One of the packages includes a bar crawl through Krakow, a visit to a lap dancing club, followed by a tour of the former concentration camps sites the next day. I was astonished at how disrespectful this would appear to be to the victims of the atrocity. One states “If you want to tick the culture box at least once on your visit to Krakow, there can be no better place to do it than the site of Auschwitz concentration camp. It’s a full-on three hour museum and site tour and it blows your mind.”
My motivations, and those of the others visiting Poland, couldn’t be further apart from the motivations of those coming to the country with stag parties to Auschwitz. This particular example got me thinking a lot at the time, is it right that the site is even open for visitors or should it be destroyed and be resigned to the past? I personally lean towards the viewpoint that the site must remain open to serve as a reminder of the Nazi atrocities whilst also serving as a memorial to all victims of the Holocaust.
On the site a memorial exists with the following moving inscription: “For ever let this place be a cry of despair and a warning to humanity, where the Nazis murdered about one and a half million men, women, and children, mainly Jews from various countries of Europe.”
For me this quote best sums up why Auschwitz must be preserved to remember the Holocaust, but I can understand why the viewpoint exists that the camp should be destroyed, and perhaps it would have already been forgotten without the visitors each year. This is because each year approximately 5 million Euros are needed to maintain the site. Most of this is covered by the Polish state and revenues from publications and guided tours. In 2009 Germany donated 60 million Euros to the global fund which aims to ensure the future of the World War II site as a permanent memorial to the Nazis’ victims, whilst the British government in the past has also made sizeable donations to the fund.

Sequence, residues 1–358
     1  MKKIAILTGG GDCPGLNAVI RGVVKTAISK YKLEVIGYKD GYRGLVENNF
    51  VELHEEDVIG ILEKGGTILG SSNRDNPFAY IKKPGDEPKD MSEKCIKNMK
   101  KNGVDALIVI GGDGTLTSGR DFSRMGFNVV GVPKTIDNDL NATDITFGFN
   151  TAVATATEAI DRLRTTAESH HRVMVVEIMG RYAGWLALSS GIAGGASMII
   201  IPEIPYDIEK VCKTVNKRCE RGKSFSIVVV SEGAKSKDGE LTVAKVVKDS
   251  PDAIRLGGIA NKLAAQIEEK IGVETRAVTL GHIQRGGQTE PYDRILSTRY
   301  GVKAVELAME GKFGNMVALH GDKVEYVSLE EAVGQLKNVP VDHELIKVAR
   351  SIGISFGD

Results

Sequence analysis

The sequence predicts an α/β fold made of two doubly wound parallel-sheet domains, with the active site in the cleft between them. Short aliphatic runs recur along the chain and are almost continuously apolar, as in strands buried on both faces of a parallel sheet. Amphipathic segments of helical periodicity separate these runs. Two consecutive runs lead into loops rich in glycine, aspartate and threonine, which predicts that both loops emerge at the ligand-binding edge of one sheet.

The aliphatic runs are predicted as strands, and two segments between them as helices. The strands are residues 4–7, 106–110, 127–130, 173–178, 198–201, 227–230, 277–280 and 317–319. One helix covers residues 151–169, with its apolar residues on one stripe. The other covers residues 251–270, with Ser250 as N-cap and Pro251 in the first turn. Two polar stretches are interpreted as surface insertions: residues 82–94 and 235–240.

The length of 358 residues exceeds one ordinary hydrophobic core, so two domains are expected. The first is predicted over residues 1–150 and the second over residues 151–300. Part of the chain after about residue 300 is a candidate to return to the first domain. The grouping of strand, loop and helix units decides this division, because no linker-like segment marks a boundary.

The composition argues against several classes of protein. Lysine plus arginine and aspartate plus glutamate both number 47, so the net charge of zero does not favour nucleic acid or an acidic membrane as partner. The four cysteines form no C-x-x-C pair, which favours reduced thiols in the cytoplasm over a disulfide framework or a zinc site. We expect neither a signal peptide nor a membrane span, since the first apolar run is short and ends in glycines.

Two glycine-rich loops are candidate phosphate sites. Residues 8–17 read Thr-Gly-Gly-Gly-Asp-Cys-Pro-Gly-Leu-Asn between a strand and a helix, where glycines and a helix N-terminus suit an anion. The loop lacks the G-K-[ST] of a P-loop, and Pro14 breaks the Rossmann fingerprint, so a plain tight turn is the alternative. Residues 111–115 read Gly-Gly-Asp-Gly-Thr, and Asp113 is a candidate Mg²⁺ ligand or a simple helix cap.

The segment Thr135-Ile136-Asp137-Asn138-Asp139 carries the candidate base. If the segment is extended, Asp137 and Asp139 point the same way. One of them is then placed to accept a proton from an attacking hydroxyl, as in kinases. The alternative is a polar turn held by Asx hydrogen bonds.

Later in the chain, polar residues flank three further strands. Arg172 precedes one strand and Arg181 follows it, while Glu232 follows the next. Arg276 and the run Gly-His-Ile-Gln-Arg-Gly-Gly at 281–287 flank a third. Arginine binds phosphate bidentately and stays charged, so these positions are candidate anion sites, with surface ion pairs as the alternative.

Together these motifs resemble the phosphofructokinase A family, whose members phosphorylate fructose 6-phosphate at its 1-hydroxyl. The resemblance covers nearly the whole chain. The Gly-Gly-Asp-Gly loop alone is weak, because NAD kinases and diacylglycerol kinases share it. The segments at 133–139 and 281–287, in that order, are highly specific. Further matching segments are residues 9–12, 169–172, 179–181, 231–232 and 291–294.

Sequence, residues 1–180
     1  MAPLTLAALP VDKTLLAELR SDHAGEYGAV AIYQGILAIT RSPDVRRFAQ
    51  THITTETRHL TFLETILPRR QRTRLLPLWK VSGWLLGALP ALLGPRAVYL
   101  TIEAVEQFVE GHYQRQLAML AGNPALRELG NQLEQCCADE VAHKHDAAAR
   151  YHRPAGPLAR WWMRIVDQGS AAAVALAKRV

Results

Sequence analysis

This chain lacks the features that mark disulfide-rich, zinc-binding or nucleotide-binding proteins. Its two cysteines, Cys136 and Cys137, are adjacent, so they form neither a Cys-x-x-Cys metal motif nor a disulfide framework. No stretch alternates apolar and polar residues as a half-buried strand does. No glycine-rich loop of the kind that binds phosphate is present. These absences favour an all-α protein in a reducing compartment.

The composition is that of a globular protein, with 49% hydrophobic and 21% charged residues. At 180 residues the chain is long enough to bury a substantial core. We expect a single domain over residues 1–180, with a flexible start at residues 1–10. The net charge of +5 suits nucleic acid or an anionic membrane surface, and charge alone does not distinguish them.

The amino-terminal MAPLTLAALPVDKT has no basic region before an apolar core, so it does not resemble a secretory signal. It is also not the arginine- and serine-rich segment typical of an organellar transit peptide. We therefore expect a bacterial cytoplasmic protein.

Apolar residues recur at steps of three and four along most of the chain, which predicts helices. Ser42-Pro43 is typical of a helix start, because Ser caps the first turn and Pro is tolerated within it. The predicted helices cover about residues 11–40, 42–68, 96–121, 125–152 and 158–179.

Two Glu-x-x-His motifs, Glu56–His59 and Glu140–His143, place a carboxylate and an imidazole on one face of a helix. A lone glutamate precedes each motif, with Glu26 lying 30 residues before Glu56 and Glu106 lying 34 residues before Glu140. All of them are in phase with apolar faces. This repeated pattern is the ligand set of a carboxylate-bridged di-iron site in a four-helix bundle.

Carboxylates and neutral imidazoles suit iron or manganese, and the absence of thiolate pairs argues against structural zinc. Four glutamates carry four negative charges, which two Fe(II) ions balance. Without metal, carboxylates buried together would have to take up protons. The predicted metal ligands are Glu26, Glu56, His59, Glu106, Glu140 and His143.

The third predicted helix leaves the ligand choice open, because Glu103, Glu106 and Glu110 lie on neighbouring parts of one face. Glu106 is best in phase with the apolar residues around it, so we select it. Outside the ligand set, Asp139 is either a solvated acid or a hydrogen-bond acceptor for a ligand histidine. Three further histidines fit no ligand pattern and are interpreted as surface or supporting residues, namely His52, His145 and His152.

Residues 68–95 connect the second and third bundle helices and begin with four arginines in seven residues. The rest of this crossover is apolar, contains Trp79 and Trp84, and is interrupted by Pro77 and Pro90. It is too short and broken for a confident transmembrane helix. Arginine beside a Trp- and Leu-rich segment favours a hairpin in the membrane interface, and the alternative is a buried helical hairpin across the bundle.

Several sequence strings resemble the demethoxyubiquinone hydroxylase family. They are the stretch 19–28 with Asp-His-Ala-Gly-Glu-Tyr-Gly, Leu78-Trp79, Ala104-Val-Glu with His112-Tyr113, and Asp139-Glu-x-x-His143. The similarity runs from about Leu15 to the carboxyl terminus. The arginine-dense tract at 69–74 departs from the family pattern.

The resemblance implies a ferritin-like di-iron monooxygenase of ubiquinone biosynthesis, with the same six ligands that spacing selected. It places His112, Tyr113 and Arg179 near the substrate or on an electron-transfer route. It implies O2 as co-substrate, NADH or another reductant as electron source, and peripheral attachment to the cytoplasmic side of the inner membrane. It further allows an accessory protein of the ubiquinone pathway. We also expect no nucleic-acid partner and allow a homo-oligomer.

In the case of Auschwitz, remembrance of the victims of the Holocaust must surely be the primary motivation to any visitors of the concentration camp site. Whilst an unhealthy morbid fascination may drive many towards Auschwitz and other sites of atrocities around the world, it is perhaps through the medium of film that the Holocaust is best explained and contextualised to a wider audience. Films such as Schindler’s List, The Pianist and more recently The Boy in the Striped Pyjamas are widely available to the general public and present the facts in such a way that ensures the Holocaust remains in the collective public memory.
Auschwitz is only one such site around the world which serves as an example of a site for ‘Dark Tourism’ which includes any site associated with the personification of death.
The main draw to these locations for many is the historical value rather than their association with death and suffering. Millions of tourists flock to both sites of natural disaster such as the island of Pompeii and sites of human atrocities like Auschwitz or the secret prisons of the Khmer Rouge in Cambodia each year. In January 2011 the Ukrainian government legalised tours of the site of Chernobyl and the purpose built Soviet town of Pripyat built to house workers and their families. This may not come as much of a shock but in the summer the Ukraine is co-hosting the 2012 European Championship. The Euro’s are expected to attract 1.4 million people to the country for the football with the nation hoping to capitalise on the influx of tourists by directing them towards the tour of the site of the nuclear reactor’s explosion.
Whether this is a good or bad thing is not for me to judge, but there is no doubt that dark tourism is more than a historical phenomenon, sadly it seems to be a profitable venture attracting tourists to parts of the world which are off the beaten track and will always remain to do so.